From personal experience and interactions with other parents we want our children to grow up to be the best people they can be. And sometimes it is exhausting; there are definitely times where it is easier just to give them the answers or do it for them but ultimately that makes it harder on them in the long run.
In this short read I’ve compliled a list of easy questions to ask your children to get their brain flowing and make sure they are taking ownership of their observations in this world.
- Why? The easiest way to get your kids thinking and processing what they’re saying or doing is asking them why. Why do you think that? Why will that work? Why won’t that work? Asking them why (similar to the way they ask you when they’re trying to figure the world out) makes them truly think about what they’re saying/doing instead of them just blinding moving forward.
- What do you think will happen? Asking them to predict the outcome and then following up with a “were you right or wrong?” helps them begin to make connections between actions and consequences. It will take some time before this part of their brain is fully formed and functional but you can start building those neural pathways as early as 2 by having conversations with your kids about what they think will happen when they do x, y, or z.
- How would you solve this problem? Whether it’s the “new” math, an issue with friends or a problem with a teacher asking your child(ren) how they would solve the problem and then walking them through their predictions about it (see number 2) you give them agency over their choices and decisions. You can guide the discussion to help get them to the right answer but ultimately this allows them to feel confident in making decisions or solving problems when you’re not around.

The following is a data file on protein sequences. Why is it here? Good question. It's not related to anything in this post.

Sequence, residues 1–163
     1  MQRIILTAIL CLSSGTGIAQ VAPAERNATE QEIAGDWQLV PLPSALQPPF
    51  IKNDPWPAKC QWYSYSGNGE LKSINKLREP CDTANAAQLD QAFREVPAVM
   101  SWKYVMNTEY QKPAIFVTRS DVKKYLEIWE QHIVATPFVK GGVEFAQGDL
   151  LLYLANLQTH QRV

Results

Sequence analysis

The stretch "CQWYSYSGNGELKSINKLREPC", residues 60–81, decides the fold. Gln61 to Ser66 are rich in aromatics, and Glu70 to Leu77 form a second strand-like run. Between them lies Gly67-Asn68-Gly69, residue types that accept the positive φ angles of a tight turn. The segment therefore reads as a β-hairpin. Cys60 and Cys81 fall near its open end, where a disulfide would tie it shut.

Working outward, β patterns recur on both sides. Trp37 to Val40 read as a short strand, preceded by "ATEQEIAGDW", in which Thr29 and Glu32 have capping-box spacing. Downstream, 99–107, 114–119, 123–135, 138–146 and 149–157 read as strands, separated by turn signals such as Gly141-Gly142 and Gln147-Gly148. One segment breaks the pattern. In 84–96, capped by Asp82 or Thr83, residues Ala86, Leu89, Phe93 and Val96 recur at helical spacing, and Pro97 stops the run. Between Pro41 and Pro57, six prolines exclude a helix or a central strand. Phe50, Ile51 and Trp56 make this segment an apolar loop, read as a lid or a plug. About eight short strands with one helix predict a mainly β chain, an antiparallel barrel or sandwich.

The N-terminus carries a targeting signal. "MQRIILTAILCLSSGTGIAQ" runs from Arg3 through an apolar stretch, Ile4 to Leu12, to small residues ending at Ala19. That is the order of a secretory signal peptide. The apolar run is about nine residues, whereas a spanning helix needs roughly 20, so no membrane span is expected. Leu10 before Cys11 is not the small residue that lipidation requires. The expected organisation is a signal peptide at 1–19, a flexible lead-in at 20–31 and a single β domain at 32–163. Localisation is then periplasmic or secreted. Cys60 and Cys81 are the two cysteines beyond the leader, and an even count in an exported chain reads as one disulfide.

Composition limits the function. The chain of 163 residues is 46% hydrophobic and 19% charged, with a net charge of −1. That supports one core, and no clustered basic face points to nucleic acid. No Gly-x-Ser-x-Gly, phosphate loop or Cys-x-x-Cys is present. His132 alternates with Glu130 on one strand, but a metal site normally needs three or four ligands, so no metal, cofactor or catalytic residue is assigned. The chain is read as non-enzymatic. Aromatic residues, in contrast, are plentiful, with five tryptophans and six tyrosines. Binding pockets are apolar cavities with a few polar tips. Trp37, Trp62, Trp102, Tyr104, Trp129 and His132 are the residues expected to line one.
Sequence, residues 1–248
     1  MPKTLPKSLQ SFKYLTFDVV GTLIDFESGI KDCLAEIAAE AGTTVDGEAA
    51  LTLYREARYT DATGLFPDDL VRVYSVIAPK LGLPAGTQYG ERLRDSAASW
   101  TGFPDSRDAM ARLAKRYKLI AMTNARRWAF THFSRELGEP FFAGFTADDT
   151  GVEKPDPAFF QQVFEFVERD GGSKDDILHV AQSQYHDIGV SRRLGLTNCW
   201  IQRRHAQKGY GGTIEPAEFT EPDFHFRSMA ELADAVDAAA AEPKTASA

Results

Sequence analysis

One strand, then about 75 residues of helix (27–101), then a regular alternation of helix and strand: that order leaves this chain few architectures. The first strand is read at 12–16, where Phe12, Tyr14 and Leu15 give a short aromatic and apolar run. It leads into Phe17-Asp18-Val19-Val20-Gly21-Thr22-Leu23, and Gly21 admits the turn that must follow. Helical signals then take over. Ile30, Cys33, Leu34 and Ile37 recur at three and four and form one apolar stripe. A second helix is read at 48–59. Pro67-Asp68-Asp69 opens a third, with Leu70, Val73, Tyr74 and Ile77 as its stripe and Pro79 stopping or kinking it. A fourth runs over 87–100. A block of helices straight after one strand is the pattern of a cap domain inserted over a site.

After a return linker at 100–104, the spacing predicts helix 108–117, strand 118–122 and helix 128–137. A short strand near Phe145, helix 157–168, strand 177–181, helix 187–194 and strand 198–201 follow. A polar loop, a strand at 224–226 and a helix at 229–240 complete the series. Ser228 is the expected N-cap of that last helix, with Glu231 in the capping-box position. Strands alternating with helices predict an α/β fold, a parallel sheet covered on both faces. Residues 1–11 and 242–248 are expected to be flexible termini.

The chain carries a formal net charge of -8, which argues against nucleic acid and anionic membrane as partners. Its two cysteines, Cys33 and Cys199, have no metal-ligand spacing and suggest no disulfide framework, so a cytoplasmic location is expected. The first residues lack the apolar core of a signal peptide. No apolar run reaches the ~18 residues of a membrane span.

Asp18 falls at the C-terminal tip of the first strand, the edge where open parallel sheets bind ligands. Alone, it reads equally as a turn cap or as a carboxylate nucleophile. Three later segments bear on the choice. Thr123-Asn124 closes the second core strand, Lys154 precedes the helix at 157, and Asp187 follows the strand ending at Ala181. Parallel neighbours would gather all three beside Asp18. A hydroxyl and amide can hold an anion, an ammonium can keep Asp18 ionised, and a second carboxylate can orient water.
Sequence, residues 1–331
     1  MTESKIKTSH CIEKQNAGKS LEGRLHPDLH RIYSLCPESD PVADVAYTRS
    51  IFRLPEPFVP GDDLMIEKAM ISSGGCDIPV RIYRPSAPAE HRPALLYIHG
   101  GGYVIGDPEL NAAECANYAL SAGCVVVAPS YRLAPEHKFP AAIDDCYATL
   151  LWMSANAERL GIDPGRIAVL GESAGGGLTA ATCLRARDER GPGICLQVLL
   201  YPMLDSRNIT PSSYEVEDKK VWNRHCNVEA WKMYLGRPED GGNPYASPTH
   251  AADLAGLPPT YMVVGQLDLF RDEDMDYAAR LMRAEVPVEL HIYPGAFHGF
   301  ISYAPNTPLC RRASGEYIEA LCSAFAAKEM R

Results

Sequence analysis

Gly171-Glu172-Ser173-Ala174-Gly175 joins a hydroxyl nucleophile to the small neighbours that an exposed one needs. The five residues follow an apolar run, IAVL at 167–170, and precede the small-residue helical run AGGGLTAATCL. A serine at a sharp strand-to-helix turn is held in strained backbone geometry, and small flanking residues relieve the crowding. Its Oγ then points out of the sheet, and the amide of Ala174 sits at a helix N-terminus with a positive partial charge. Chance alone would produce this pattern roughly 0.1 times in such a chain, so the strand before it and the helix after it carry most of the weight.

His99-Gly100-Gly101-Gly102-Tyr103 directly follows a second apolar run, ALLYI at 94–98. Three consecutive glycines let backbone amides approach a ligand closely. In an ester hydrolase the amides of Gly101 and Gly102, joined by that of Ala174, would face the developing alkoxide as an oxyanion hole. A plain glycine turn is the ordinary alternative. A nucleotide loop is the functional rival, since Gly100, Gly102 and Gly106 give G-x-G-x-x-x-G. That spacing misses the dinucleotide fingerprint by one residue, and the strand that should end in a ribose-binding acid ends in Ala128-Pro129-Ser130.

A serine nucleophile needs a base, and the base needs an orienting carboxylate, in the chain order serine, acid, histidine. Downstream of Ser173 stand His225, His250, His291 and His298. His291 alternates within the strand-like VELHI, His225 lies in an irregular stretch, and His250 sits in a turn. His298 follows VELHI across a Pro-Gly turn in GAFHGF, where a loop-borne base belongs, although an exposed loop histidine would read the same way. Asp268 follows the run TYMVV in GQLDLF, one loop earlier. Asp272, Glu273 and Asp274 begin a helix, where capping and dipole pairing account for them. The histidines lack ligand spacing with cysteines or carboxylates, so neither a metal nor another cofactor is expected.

- How would you feel if you were in her/his/their shoes? We are naturally self-centered beings. It’s what allows us to stay safe and quickly identify potential dangers because we have a lot of “me, me, me” on the brain. However when it comes to being a functioning member of a society whether that means as a global citizen or as a member in a family it is critical for kids (and adults) to develop empathy for the way things we say or do will affect others. It’s not always perfect and we do screw it up probably more often than we’d like but by asking your kid(s) to put them in someone else’s shoes that helps them understand how to be a better person.
- How did you (or can you) figure that out? When our kids come to us with issues or questions sometimes it is super easy just to fire off the answer but in the long run that doesn’t help them become comfortable at finding the answer themselves. There will always be questions to answer or problems to solve but when we offer up the solution to our kids right away in the name of being tired, making it easier, or having to get something done (or out of the house) it will be harder on them (and us) in the long run.
When you engage your child(ren)’s critical thinking skills at a young age you start building the neural pathways they need to be better people in the long run. School will be easier and life will be easier if you discuss and let your kids come up with some answers on their own — even when you know their wrong. Wrong answers or failing at something isn’t a bad thing until you, as the parent, make it so. Wrong answers are just an attempt at gathering more information about the world around us and stepping back into the fray to try and get the right answer will give your child(ren) much more confidence as they move through this world.
Don’t be afraid to get messy, make mistakes, and ask questions. This is how we all learn but sometimes adults forget that magic.